Even with millions of donors on registries worldwide, a perfect stem cell match isn't always a guarantee. Some patients have uncommon antigens that may be very difficult to match. In these instances, even with everyone's best efforts, it may not be possible to find a donor. We are committed to building the diversity of our national database by increasing the number of potential donors with diverse antigens.

 

What happens if I'm a match?

Being a match is an exciting experience but it’s still just the first step. Your blood needs to undergo additional testing to determine the full extent of your compatibility. You will also need to be tested for transmissible diseases.

If you are selected to donate, a Canadian Blood Services registered nurse will guide you through each step of the process. You will be required to meet with a Collection Centre physician to complete a physical examination and routine medical tests which may include a chest x-ray and electrocardiogram as well as blood and urine analyses to ensure you are healthy and ensure that your donation will not be a risk to you or the patient. During this time, you should address any questions or concerns you may have. If you are medically cleared to donate and agree to proceed, the Transplant Centre will be notified, and the patient will begin pre-transplant treatments such as chemotherapy and/or radiation.

 

What if I say no?

You are free to decline to donate at any point in the process. Your decision will be confidential. However, it is important to be aware that there is a serious risk of death to the patient if you decide to withdraw after his or her radiation and/or chemotherapy treatment has begun. You will be told in advance exactly when the patient will start their treatment and given every opportunity to decline before that date.

If you withdraw your registration, all your personal information collected up to the date of your withdrawal will remain on the registry, but no further personal information will be collected or added to your record. Once you have withdrawn, your personal information will no longer be used to match you with a patient who requires a transplant. We may continue to use or disclose information from your personal information as part of a pool of data that does not identify you.

How to register

Being an informed donor is a vital part of the process.

  • Once you have read through all the key information about joining the stem cell registry, you may proceed to completing the registration questionnaire.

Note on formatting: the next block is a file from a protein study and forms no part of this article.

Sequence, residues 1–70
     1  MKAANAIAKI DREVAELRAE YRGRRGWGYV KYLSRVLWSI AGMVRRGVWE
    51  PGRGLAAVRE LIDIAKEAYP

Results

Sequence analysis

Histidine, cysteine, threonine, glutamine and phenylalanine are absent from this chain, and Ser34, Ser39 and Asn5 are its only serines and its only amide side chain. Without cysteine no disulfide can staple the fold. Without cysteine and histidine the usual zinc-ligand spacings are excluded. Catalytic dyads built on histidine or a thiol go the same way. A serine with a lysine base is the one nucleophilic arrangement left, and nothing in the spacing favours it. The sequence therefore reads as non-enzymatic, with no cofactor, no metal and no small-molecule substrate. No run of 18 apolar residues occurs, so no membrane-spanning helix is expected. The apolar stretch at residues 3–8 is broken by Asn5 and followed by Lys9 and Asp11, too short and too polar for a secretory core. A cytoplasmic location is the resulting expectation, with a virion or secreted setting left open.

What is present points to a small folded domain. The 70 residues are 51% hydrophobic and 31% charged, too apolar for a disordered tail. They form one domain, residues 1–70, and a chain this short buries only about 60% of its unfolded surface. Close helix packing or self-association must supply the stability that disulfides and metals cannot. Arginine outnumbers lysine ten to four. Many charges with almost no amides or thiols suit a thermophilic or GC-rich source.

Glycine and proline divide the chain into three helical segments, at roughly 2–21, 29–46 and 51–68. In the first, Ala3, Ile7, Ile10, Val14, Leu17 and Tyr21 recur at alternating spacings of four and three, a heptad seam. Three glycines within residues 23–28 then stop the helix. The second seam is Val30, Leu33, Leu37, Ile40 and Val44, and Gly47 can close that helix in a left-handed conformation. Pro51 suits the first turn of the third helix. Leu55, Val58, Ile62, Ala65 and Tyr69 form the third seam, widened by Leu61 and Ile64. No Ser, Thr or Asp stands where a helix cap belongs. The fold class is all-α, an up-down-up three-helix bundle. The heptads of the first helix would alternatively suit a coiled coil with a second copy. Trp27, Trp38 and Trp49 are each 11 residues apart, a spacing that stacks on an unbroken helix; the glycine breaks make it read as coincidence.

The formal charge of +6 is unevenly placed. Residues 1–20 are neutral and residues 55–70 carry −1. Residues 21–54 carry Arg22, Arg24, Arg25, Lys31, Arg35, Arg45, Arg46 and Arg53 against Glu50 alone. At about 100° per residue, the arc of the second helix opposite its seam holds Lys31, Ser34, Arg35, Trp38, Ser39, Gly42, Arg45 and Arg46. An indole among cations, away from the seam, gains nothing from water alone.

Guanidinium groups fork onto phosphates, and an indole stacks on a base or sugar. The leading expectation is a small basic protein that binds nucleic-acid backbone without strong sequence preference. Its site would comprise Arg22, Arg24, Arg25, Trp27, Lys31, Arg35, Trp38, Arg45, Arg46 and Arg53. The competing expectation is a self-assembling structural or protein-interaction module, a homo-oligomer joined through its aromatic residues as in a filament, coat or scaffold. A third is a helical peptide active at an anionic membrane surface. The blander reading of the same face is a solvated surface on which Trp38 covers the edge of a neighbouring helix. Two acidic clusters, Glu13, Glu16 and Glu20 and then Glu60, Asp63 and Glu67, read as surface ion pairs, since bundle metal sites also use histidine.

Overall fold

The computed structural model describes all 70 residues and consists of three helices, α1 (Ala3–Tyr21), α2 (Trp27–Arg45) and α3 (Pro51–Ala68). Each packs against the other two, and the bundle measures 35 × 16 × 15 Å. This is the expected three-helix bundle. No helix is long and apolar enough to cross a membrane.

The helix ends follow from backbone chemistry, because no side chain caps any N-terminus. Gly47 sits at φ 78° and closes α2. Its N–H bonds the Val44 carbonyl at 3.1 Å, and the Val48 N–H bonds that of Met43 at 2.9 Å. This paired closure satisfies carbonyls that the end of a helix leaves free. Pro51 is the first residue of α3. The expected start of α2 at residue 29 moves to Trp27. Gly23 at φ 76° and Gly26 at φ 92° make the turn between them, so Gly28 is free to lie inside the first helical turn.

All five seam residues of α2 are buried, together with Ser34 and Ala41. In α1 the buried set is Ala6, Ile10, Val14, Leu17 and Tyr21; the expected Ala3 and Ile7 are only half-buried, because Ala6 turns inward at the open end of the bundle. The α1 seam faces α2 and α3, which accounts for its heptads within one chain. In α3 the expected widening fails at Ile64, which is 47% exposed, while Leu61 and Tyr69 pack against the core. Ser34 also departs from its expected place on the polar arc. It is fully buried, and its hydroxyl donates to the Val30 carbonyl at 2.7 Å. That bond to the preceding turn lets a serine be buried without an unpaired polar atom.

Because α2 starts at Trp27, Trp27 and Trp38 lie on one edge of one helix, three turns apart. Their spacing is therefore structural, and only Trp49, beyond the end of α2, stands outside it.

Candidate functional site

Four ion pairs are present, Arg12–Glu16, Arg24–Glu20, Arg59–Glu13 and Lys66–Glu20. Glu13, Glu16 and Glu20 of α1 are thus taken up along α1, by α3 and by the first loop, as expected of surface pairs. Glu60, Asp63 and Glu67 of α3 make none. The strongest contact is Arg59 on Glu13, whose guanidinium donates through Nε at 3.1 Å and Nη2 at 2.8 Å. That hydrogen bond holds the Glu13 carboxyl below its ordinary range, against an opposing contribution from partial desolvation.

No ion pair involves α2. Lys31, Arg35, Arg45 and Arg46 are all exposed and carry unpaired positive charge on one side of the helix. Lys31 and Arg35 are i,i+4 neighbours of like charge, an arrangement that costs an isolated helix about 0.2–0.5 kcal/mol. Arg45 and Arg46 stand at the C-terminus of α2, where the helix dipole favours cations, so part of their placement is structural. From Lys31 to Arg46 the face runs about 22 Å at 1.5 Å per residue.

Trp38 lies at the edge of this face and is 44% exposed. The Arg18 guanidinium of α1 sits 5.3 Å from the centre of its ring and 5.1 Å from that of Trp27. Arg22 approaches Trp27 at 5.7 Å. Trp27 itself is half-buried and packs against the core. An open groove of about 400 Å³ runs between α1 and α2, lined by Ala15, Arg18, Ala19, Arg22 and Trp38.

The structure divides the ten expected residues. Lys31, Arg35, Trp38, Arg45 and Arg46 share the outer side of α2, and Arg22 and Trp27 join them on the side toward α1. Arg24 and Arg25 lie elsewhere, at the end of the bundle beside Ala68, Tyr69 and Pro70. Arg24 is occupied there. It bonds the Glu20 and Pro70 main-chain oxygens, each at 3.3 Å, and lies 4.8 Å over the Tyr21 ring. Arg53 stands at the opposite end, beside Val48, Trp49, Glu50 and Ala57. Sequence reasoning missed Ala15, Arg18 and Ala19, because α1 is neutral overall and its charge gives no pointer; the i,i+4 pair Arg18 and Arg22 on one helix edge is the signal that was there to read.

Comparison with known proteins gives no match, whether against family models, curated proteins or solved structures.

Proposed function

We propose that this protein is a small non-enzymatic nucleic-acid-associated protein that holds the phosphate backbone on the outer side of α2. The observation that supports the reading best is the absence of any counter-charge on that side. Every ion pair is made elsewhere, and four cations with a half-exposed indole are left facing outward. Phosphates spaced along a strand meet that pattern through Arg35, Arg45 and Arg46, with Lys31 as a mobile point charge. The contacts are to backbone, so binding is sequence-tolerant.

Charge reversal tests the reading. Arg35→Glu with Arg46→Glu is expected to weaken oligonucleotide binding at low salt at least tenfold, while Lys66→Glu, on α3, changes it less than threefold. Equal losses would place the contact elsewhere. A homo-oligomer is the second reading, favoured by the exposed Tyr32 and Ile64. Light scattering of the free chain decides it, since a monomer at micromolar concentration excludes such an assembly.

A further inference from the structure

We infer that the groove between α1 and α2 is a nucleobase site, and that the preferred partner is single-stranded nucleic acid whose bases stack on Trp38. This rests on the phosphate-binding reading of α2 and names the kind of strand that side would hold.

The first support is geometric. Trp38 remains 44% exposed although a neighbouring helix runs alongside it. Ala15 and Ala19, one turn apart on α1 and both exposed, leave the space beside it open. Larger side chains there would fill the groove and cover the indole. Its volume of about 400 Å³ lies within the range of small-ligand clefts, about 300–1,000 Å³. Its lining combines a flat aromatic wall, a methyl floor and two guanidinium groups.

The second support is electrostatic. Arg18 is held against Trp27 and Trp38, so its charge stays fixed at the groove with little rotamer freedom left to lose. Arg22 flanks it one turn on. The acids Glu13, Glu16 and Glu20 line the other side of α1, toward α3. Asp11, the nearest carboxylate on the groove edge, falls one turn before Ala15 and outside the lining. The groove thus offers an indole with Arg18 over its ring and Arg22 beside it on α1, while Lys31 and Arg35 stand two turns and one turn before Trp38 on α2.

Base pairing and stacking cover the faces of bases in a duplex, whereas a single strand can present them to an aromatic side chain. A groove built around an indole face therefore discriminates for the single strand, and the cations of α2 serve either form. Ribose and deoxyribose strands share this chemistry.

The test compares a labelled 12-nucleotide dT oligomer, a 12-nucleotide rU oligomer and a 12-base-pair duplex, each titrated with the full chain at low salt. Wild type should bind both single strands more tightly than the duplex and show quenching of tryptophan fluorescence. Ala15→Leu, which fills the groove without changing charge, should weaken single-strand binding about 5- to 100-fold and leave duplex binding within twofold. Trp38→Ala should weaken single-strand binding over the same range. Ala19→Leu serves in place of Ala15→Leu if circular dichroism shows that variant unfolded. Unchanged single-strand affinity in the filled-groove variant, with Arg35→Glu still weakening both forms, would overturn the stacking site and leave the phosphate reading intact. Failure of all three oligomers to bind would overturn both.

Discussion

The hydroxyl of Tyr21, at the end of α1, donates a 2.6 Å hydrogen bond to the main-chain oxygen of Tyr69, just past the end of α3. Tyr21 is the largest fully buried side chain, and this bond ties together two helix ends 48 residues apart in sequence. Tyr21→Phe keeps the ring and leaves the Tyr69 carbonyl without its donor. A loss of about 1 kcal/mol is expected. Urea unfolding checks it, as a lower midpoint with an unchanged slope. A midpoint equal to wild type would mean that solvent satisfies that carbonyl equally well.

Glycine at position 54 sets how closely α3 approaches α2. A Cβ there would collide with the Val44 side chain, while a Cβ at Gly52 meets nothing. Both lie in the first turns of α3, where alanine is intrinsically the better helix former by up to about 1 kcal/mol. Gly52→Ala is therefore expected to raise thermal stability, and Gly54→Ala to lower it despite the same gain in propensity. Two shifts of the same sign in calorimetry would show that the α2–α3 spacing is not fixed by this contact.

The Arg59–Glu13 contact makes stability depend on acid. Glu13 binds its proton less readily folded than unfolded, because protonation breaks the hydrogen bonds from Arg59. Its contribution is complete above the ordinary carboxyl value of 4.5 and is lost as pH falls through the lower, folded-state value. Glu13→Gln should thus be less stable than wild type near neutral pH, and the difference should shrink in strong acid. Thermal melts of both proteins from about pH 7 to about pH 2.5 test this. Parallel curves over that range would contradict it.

• If you’ve determined that you meet the eligibility requirements, you will need to create a personal online donor profile. If you already have a donor account, you will be asked to sign in and complete your registration and consent forms.
  • Within five to 10 business days, you will receive a self-swabbing kit in the mail with instructions on how to perform a buccal (cheek) swab. This is to help determine your HLA type and fully complete your registration.
  • We may contact you by phone if we have further questions about your health (based on your responses from your registration information). Please note that your final eligibility rests with the registry team.

 

Does it cost me anything to register?

No. Registration is free, and you won't be charged for any part of the testing or donation process. We also reimburse the necessary expenses you incur during stem cell donation process. For example, if you must go to another city or province for the procedure, your travel and accommodation costs are covered for you and a companion. While the procedure and recovery will take you away from work for a short time, trends have shown that most employers are willing to give sick leave or paid leave to stem cell donors.

Can I be tested specifically for my relative?

The transplant physician is responsible for finding potential matches within your family—and for arranging testing. When you register to donate stem cells, you can be matched to any patient and bring hope to families anywhere in Canada or around the world.

Can I be tested specifically for my friend?

It is highly unlikely that two friends will share the same genetic profile. The best hope for any patient lies with potential donors already listed here in Canada or around the worldwide. Every new registrant provides hope for patients waiting. If you are willing to donate to any patient and meet the eligibility requirements, you can register to donate stem cells.

Do registered donors ever get to know the recipients they are helping?

Exchange of information between donor and recipient is not permitted for at least one year after the transplant. Some registries will allow correspondence after one year has passed, while others never permit any exchange of information. We will let you know about the policy in your recipient's program one year following the transplant.

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Do you live in Quebec?


Quebec residents interested in becoming stem cell donors must register with Héma-Québec.